Government has indicated that it will, tomorrow, be challenging the court order prohibiting the Carvil Duncan tribunal from continuing its work.
Minister of State Joseph Harmon told media operatives during Friday’s post-Cabinet press briefing that the High Court’s order was served at a time when the tribunal completed all its hearings.
But even though the tribunal completed all its hearings, the High Court’s order is preventing the body from handing over its report to President David Granger, who had established the tribunal to investigate and recommend whether the embattled trade unionist should remain seated on several constitutional posts.
Harmon explained that the only thing left to do is for the Commissioners to submit its findings to the President but the High Court’s order is prohibiting them from embarking on this final step.
“We are a law abiding Government and since there is an order of court, we respect the order of court,” Harmon stated. Nonetheless, he said the attorneys representing the State in the matter will be moving to the Court on Monday to challenge the order. “The attorneys representing the State will be given sufficient instructions to move to the court to have that order vacated so the work of the Commission can be concluded,” Harmon said.
Justice Franklin Holder ordered the suspension of the tribunal on the grounds that it was established based upon unconstitutional advice offered by Prime Minister Moses Nagamootoo. According to the court documents, the High Court found that the Prime Minister’s advice to establish to tribunal was tendered unconstitutionally, unlawfully, illegally, prematurely, prejudicially, contrary to the rules of natural justice, arbitrarily, capriciously and in breach of Duncan’s legitimate expectation and is therefore null, void and of no effect.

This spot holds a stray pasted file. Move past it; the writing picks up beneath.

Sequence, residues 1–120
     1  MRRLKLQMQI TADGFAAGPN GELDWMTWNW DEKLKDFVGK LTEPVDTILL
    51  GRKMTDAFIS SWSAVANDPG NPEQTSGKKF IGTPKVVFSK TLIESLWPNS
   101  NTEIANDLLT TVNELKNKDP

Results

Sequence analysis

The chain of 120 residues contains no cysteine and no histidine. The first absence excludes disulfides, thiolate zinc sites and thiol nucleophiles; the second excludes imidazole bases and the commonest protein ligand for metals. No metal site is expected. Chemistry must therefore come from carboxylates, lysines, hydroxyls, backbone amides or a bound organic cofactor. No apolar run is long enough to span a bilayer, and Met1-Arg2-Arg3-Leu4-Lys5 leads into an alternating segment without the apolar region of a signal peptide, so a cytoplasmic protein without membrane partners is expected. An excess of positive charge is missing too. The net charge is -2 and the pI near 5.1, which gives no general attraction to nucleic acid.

Duncan, through his Attorney Anil Nandlall, challenged the work of the tribunal on the grounds that there is no lawful basis for its establishment since there are criminal proceedings pending in the Magistrates’ Courts and therefore, the principle “innocent until proven guilty” should be applied.
“To establish a tribunal to investigate his removal from office on the mere institution of a charge before the determination of any guilt is (an) infraction of that constitutional protection, which guarantees him innocent until proven guilty,” Nandlall had contended. Duncan was charged and placed before the courts over an alleged theft of monies from the Guyana Power and Light (GPL) Inc.
He was placed on $1 million bail last February after he appeared at the Georgetown Magistrates’ Courts, charged with larceny after he pleaded not guilty to the charges.
Police alleged that on March 31, 2015, at Georgetown, he stole $984,900; property of GPL.
It is alleged that he conspired with GPL’s then Deputy Chief Executive Officer, Aeshwar Deonarine to steal $984,900; property of the power company and that he conspired with Deonarine to commit another felony – namely he conspired to steal $27,757,500, property of the utility company.
In light of these events, Duncan claimed that President Granger and Minister Harmon offered him a “financial package” to vacate his posts as Chairman of the Public Services Commission and effectively, as ex-officio member from the Judicial Service Commission and the Police Service Commission, as well as the Guyana Defence Force (GDF) Board.
Duncan rejected their offer and denied reports that Nagamootoo dispatched a letter to him asking him to justify why a tribunal ought not to be established to determine his removal.
Government claims that Duncan’s failure to respond to the letter which they insisted was dispatched, resulted in the decision by the President to set up the tribunal.